“The fool who is aware of his foolishness is therefore like a wise man.
But a fool who thinks he is wise is called a fool indeed.
A fool who, as long as he lives, attends to a wise man,
he doesn’t know the doctrine, as the spoon doesn’t know the soup’s flavour.
If a discerning person attends to a wise man even for a second,
he swiftly knows the doctrine, like the tongue knows the soup’s flavour”
– ‘Bala vaga’ of the Dhammapada
After 14 kilometres hiking all I feel is my breath and the soles of my feet. I stop, rest, sip water, readjust my heavy pack and start off again. At the base of my back all I feel is agony. I concentrate, take step after weary step, hoping that I can transcend the pain. It is after all only reality, and there are only 4 kilometers more to go. Perhaps next time a shorter walk and reverie.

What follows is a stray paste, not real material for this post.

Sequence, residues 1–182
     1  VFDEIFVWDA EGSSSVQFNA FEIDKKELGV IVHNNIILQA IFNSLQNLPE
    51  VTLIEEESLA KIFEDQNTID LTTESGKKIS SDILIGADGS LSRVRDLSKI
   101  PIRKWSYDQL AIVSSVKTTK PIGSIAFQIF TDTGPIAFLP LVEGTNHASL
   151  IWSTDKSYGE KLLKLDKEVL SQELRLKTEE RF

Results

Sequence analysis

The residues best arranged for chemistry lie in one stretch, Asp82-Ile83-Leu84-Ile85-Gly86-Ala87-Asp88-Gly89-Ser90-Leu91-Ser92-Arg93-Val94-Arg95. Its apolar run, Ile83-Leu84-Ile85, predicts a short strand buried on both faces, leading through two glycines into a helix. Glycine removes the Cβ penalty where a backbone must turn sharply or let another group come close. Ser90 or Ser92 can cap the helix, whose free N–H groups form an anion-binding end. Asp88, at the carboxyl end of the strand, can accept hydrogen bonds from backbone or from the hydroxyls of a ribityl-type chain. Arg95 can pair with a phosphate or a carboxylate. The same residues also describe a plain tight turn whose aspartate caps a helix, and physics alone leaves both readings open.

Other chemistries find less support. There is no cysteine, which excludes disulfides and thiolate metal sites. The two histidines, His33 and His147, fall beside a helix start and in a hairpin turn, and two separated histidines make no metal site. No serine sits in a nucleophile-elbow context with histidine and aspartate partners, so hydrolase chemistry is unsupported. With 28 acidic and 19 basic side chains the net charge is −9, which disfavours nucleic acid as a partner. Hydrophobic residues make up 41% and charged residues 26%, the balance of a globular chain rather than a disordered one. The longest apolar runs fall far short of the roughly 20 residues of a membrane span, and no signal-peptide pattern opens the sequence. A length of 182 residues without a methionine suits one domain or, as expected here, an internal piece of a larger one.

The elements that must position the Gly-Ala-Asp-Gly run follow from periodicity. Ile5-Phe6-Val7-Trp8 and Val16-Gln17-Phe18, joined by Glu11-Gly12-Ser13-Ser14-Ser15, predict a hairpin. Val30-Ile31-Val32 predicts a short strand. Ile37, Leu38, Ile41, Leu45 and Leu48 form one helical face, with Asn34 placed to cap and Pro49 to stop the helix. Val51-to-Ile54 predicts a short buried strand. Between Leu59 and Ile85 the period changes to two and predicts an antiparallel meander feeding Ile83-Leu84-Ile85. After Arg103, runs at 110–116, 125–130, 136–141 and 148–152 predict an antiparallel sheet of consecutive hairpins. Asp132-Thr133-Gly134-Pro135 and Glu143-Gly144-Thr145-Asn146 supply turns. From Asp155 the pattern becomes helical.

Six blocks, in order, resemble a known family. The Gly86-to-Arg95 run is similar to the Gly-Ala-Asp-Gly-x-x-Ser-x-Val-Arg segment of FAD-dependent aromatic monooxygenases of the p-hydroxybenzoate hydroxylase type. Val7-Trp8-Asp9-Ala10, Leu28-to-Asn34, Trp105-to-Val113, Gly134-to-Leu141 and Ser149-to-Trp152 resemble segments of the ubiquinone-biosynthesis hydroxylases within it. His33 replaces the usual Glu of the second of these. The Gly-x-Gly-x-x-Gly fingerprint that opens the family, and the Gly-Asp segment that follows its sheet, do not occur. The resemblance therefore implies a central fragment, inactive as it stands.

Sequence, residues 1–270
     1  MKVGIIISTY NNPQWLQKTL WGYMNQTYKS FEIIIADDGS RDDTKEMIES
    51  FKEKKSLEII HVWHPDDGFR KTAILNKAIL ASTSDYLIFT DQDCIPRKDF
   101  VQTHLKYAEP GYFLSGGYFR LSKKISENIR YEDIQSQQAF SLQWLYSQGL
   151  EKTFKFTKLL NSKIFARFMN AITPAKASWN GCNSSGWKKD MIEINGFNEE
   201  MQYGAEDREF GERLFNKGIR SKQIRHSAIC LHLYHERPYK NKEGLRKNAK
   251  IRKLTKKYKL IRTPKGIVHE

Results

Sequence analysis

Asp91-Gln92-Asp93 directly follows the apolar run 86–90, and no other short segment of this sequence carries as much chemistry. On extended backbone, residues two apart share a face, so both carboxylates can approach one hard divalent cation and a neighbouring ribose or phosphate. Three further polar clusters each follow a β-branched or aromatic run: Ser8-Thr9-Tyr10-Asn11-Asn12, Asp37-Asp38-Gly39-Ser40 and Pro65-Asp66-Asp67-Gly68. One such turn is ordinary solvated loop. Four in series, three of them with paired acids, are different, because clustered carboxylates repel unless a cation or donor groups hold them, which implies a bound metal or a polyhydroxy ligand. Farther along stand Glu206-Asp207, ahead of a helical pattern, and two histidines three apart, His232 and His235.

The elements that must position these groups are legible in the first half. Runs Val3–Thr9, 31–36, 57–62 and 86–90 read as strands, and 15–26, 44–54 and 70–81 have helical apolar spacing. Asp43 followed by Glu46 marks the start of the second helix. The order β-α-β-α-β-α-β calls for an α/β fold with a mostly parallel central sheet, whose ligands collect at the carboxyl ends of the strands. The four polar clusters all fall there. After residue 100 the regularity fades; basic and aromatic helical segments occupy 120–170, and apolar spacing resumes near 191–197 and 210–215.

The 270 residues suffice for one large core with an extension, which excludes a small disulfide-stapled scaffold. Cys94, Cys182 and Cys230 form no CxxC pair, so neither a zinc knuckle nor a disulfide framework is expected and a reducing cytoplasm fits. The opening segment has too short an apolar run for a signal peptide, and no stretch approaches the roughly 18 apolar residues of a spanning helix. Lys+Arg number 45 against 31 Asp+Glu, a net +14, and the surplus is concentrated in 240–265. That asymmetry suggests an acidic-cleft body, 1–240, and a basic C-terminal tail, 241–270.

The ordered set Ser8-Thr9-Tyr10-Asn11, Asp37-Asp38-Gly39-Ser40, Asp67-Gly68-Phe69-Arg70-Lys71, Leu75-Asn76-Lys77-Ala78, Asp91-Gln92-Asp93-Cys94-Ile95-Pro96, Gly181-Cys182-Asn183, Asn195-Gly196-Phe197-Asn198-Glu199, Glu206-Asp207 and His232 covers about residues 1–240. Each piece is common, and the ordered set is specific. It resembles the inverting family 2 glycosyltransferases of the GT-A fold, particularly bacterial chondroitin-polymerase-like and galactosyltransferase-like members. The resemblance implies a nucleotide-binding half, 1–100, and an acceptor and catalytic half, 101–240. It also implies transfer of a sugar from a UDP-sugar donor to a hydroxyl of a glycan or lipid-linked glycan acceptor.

On the next scorching hot day we decide instead to hike to little known rock pools nearby. We cross the searing basalt. It is low tide. No point coming here when the tide is full. These pools are hidden then, like some local knowledge is from prying eyes.
The grey black basalt slowly as we walk becomes interspersed with pink dykes and extrusions that have forced through their way to the surface when it was a hot volcanic hell here. Precise steps are needed. I have little feeling between my knee and ankle in one leg after multiple operations. Although it might be impossible to fall off a mountain, I have broken enough bones around these shoreline already.
I dive into the blue of the deepest pool and plunge sinking into its depths before I start to slowly rise. It must be at least 20 feet deep. It is revitalisingly cold. Reaching the surface I can feel the salt water draining through my hair and beard and I start to smile. This place has its own flavour. Every day, and with every step I become a little wiser.
All photos taken with an Olympus 35-S rangefinder on Ektar 100 and developed in the Unicolor C41 kit.